For the past few months, I have been engaged in the (stupidly) ambitious project of reading Sigfried Giedion's 1948 tome Mechanization Takes Command: A Contribution to Anonymous History. Much like my last self-assigned homework reading, The Prodigious Builders, the author's non-native English and the age of the book makes for some unconventional prose. Gideon traces the history of manufacturing from the earliest rumblings of the Industrial Revolution on through World War II, covering every conceivable process along the way. For instance, he goes into not only mechanized reaping, but grain milling and bread-baking and packaging and preservatives and so on. The detail is exhaustive, well-illustrated with patent drawings.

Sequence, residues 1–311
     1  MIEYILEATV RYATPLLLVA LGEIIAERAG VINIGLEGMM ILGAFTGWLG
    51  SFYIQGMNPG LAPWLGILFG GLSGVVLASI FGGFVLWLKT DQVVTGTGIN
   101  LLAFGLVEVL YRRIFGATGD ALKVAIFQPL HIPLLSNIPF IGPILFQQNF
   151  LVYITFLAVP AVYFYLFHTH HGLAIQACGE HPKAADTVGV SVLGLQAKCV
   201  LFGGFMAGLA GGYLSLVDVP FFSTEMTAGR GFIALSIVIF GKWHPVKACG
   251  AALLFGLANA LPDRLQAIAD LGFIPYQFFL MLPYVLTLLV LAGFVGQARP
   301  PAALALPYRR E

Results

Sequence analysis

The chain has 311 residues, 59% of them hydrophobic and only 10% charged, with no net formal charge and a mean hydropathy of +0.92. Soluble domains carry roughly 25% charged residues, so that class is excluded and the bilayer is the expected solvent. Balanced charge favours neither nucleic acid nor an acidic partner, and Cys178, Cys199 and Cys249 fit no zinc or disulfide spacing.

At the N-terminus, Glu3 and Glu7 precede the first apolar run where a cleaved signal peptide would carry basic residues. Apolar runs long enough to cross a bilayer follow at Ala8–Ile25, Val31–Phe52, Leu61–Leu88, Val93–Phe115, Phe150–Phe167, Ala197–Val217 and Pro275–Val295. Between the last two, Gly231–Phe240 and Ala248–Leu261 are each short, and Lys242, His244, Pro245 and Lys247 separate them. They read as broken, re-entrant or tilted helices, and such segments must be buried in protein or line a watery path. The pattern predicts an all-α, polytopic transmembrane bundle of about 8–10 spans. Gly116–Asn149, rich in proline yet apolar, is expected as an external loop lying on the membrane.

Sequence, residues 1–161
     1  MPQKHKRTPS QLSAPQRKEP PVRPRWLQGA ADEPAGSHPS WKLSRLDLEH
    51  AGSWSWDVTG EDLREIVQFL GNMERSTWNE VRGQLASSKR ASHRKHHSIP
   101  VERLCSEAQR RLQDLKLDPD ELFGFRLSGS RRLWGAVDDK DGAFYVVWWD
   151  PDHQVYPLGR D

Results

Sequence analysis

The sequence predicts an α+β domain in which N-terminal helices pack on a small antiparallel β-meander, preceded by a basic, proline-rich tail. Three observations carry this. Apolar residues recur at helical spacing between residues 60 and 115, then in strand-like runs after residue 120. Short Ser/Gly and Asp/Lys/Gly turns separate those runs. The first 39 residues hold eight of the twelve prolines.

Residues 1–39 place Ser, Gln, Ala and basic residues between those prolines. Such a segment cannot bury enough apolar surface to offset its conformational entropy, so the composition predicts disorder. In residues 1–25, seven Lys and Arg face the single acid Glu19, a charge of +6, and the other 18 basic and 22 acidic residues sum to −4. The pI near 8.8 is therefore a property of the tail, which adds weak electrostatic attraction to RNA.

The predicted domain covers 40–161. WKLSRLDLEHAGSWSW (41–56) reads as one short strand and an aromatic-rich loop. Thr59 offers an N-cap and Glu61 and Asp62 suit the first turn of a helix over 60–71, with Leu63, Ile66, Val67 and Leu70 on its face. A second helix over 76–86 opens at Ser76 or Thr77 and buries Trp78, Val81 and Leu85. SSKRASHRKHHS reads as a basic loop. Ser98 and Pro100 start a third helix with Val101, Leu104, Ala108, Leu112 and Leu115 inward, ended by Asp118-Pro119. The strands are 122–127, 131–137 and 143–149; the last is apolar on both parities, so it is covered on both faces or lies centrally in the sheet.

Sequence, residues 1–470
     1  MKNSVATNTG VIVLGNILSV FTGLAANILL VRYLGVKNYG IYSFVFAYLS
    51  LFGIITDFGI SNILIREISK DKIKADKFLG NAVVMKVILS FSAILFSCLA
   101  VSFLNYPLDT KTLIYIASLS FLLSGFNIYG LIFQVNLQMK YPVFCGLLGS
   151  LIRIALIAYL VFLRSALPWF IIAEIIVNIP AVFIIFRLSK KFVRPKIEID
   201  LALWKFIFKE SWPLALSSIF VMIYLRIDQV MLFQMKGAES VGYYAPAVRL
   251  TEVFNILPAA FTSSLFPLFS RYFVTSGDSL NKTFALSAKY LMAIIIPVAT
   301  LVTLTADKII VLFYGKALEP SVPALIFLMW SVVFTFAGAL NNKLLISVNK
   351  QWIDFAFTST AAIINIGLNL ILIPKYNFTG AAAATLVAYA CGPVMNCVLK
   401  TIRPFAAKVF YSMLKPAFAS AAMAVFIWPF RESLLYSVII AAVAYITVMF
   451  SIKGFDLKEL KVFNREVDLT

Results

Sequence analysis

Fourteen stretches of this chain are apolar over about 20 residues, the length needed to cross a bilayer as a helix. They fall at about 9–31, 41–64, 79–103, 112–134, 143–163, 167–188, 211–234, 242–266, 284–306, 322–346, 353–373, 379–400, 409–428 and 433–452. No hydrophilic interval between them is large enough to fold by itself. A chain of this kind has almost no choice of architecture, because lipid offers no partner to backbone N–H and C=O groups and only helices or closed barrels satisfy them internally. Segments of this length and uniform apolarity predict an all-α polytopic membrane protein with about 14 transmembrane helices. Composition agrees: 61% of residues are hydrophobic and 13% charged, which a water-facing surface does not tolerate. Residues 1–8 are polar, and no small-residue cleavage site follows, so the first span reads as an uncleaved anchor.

Giedion was born in 1888, and his lifetime spanned many of the great leaps in manufacturing technology that have made modern life possible. He was able to document many of those changes in real time, writing and lecturing extensively on the growth of modern design, the Bauhaus, and architects of the International Style. Since his death, in 1968, technology has continued its relentless march forward, but many of the processes he chronicled in Mechanization Takes Command have remained archaic. Minerals still must be wrenched from the earth and refined into something useful with great heat and pressure. Today, we've replaced some of that brutal labor with machines, or even robots, but the basic story is unchanging.Read More